The arm ball, or floater, is probably the single best weapon an orthodox finger spinner can have. Ray Illingworth says he once took 41 wickets of 135 in a season just with the arm ball.
At first the ball seems counterproductive: spinners should spin the ball hard, hoping to impart enough revolutions on the ball for it to dip late in its flight and move off the pitch.
This is true for the stock delivery and is what you should do at least 80% of the time.
The arm ball gives you the perfect surprise variation from this.
The batsman is expecting the ball to spin as normal
You have bowled a ball that swings in the opposite direction with almost no change to your action (The off spinner's arm bowl swings away from the right hander, the left arm spinner's swings in).
This is the classic beautiful deception: Getting him bowed or caught at slip (in the off spinners case). It’s a true wicket taking delivery.
How to bowl an arm ball
The key difference between the arm ball and the stock ball for a finger spinner is the grip. The basic grip looks like this:
As you already know, this grip allows you to roll your fingers and wrist around as if turning a key in a lock. This imparts spin on the ball. The more you 'rip' it, the more spin is possible.
Bowl your arm ball with no change of action, however your grip changes to one that looks like this:
This allows you to swing or drift the ball using the seam as a rudder in the same way as a medium pace bowler.
The deception is that you still look like you are bowling a stock spinning delivery. The shiny side of the ball is on the leg side if you are an off spinner.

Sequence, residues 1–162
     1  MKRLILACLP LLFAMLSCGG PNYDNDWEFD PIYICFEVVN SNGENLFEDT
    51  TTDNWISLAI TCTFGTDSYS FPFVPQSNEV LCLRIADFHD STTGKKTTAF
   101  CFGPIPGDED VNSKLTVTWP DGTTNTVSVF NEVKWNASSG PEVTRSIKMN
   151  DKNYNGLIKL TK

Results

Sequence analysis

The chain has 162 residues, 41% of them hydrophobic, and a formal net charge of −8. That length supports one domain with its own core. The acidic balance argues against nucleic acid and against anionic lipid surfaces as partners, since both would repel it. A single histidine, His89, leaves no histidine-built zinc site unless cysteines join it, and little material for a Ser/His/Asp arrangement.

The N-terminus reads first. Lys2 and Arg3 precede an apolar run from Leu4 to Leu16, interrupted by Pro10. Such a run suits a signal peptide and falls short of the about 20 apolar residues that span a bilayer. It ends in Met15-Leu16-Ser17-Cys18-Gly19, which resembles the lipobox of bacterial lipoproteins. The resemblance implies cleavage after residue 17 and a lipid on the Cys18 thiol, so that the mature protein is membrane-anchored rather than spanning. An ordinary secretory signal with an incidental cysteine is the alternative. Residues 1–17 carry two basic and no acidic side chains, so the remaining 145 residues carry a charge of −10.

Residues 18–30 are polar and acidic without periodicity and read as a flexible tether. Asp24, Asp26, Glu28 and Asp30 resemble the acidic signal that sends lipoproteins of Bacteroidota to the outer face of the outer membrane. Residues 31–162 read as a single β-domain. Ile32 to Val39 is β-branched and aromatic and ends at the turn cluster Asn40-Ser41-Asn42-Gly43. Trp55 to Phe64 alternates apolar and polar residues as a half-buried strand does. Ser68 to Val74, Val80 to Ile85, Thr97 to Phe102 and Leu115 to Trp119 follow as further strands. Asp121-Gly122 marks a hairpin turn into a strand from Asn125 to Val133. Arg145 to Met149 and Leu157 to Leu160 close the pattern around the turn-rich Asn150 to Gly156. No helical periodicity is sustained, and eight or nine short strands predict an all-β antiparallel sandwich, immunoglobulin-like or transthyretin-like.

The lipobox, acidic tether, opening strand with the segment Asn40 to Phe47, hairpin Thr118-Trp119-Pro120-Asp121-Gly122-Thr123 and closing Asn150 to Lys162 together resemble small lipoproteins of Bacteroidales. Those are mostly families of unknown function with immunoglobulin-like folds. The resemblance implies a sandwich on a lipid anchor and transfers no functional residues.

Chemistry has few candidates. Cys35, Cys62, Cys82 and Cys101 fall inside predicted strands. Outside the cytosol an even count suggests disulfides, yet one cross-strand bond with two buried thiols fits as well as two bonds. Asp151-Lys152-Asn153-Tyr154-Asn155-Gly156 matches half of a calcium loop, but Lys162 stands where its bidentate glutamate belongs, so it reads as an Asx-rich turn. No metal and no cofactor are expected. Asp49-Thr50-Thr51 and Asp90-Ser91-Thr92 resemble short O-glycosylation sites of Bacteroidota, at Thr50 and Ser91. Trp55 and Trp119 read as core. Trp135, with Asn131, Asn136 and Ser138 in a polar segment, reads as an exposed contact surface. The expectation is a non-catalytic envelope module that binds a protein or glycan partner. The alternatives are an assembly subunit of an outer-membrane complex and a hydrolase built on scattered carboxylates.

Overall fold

While you no longer use your fingers or wrist to impart turn, according to Ray Illingworth, it's still important to follow through in the same way. This is mainly to trick the batsman, but it also helps the ball swing.
Line and length for an arm ball
The arm ball is a shock wicket taking delivery. As a result you should be prepared to take more of a risk with it by pitching it further up. This makes the ball hard to sweep (bringing in bowled and LBW dismissals) and tempts the drive.
The line for off spinners to right handers is best on middle stump. If the batsman plays for spin he will edge it or be bowled.
The line for left arm spinners is outside off stump, swinging it back in to bowl the batsman through the gate.
Using the arm ball
It's important not to overuse this variation as it loses its element of surprise.
Your main variations will come from the amount of flight and turn you impart on the ball.
However, used now and again it’s perfect.
It's especially effective early in a batsman's innings. You can use it on almost any kind of wicket, but if conditions do not suit swing think very carefully before trying it.
It certainly will not allow you to rip through an opposition order in itself, but when used in combination with excellent control will put doubt in a batting team and give you the chance to bowl a side out.
by David Hinchliffe, PitchVision Academy
© 2011 miSport Ltd